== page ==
Preface of incentive
At the time when we signed up to Porter Davis, they had an incentive running that ‘Paid the stamp duty’ for first home buyers, as they didn’t want people to hold out a few more months while the new laws came into effect on the 1st July 2017. Instead of taking up the stamp duty offering, we were given free Evaporative cooling, we were then able to exchange this for a WOS credit as we chose not to go with Evap cooling. This was noted as a $6,979 credit in our contract which will come off our final payment to Porter Davis.
All Porter Davis homes come with at least a 3-star Brivis Gas heating system. It’s part of the 6-star energy requirements for Victoria.
When working with Porter Davis on heating and cooling options, you have to deal with the team at Brivis who are sometimes referred to as “Liveability consultants” (read my other blog called “Getting the structure right.” to understand what I really think of Liveability consultants.)
We had many discussions with the Brivis reps, this included the weekend, weekday and off-site managers. The below photo sums it up quite nicely – empty with no one working.
They have set up in their computer system the default heating and cooling points of each home.
Because we added on more rooms to square off the back of the house, Porter Davis said we had to upgrade our Brivis unit to adequately heat and cool our home, this was going to be an additional $1,257.00 for a medium Brivis unit, this was a 5-star unit.
However, we did not want to go with Evaporative cooling but instead run with refrigerated cooling.
Brivis informed us that we would need to upgrade our Heating unit from the 3 Star in our standard inclusions to a 6 Star unit if we wanted to add zoning and/or refrigeration. Probably it was possible to upgrade to 5 Star unit that could handle the add-on aircon unit, however, the 6 star unit had far better cost savings over time and more efficiency.
With the Brivis 6 star unit, we can have up to 4 zones for BOTH heating and cooling.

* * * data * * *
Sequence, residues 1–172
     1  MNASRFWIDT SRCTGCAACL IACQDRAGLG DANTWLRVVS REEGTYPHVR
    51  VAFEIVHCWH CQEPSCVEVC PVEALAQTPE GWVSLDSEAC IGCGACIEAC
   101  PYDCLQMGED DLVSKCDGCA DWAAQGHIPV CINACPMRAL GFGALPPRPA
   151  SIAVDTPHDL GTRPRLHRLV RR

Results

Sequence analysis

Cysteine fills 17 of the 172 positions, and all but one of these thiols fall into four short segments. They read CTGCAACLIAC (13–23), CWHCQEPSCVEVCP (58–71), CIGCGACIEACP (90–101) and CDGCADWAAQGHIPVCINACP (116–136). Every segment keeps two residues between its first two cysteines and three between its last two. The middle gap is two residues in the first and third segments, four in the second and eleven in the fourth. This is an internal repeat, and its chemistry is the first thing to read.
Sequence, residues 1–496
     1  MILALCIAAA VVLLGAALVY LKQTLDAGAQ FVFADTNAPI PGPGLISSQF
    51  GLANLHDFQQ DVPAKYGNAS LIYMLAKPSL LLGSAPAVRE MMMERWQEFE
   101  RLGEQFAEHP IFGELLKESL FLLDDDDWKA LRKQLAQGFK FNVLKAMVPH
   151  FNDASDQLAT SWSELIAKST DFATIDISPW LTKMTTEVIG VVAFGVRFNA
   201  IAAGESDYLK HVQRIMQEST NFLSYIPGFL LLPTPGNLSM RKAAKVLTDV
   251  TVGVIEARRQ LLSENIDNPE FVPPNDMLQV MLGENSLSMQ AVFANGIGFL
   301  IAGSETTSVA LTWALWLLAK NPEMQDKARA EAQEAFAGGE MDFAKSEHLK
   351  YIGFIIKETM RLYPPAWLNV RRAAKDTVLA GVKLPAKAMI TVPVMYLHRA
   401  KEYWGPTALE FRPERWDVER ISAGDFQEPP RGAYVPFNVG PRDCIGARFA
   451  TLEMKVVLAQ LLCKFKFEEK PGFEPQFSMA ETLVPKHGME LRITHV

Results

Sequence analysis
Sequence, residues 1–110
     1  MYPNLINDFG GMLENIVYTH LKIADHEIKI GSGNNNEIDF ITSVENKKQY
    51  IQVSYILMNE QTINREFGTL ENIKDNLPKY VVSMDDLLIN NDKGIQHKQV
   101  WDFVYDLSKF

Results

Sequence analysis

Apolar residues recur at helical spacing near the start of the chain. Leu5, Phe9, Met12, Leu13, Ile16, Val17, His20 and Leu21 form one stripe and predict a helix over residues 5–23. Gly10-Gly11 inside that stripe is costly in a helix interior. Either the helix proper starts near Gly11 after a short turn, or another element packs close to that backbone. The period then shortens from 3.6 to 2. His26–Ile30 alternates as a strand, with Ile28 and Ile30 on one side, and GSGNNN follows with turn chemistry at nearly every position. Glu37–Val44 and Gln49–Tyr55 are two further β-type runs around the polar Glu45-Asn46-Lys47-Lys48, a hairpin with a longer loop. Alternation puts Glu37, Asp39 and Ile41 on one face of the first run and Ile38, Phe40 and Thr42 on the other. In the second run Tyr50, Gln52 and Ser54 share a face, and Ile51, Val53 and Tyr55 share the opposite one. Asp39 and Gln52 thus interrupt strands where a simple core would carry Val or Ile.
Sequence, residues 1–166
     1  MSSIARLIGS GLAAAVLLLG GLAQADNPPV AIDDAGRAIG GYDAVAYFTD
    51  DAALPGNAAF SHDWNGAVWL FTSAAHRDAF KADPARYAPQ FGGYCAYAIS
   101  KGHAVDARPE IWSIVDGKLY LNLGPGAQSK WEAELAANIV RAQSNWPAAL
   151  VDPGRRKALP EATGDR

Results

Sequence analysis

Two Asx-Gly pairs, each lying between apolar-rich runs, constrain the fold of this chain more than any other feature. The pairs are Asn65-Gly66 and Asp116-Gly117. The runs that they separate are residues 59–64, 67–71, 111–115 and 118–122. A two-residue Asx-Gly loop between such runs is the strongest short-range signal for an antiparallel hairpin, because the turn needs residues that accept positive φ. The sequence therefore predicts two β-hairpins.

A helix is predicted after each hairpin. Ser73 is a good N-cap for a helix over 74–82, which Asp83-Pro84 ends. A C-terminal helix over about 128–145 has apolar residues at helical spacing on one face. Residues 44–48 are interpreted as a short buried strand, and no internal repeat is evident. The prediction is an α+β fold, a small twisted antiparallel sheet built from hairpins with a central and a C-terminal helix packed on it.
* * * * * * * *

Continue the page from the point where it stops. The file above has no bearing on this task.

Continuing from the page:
To run heating and cooling through the same ducting system you need to increase the size of the heating ducts provided, from 6 inches to 9 or 10 inches. This allows for the greater airflow required for your refrigerated cooling.
Photos of 1st story voids with heating and cooling ducts
Once this is done, you can create zones with 2 or more outlets.
It is not usually possible to zone just one room unless you have 2 separate outlets in that room. We have this situation in our downstairs guest bedroom, there is already a void placed in our upstairs master wardrobe to allow for the ventilation ducts in the guest room, however, to have the room zoned off by itself, we needed to add a 2nd separate vent, we did this by including its ensuite in the zone. Unfortunately, it meant that a void was needed above this area, requiring a 2nd void in our master bedroom wardrobe.
On the plus side, because refrigerated cooling air runs in the same ducts as the heating air, only one duct is needed, this means the internal space requirements for the voids are smaller and we were able to reduce the size of all the voids down to 250mm wide x 600mm deep.
To create additional zones their pricing is very expensive (no surprise)
Upgrade to 2 Zones is $1001.00
Upgrade to 3 Zones is $1394.25
Upgrade to 4 Zones is $2200.00
Costing below taken from our tender doc. These are not our final costings.
The 4th Zone
We want the maximum 4 zones in our house to help with efficiency and ongoing costs but are only getting 3 through PD. we are creating 2 zones in our downstairs area and one zone upstairs. The upstairs zone is controlled via a network controller in our Games room which runs back to the main unit in the ceiling. One of the downstairs zones is the Guest bedroom and Guest Ensuite, and the other downstairs zone is all the open-plan living area. The large zone will be controlled by a fancy touchscreen controller (upgrade) and the other zone has a thermostat only which will be upgraded to a controller later.
The 4th zone will be our master bedroom and ensuite, which can easily be added after handover during the refrigerated cooling install for no additional cost. Allowing us to create our own atmosphere and not effect anyone else in the house.
Having come from New Zealand we have never heard about Evaporative cooling, but appears to be something quite common here in Victoria. The system only really lowers the temperature by 10 degrees and does not work effectively in the height of summer. For the units to work you are required to leave doors and windows open and this is not appealing.
My husband is a hotty, which is fantastic on cold winter nights however he overheats in summer and would prefer temperatures in the low 20’s. To achieve this we will need to install refrigerated cooling.
The Porter Davis cost for adding on a refrigerated cooling system is outrageous. We are building a 38 Square house and the quote was $16,366.00 for 13 outlets of refrigerated cooling addon and still required us to upgrade our Heating unit from 3 star to 6 star.
Doing it Post-handover
We found a great company (Dale Air) who will do this for us post-handover and will only cost us $8,315 for everything we want done.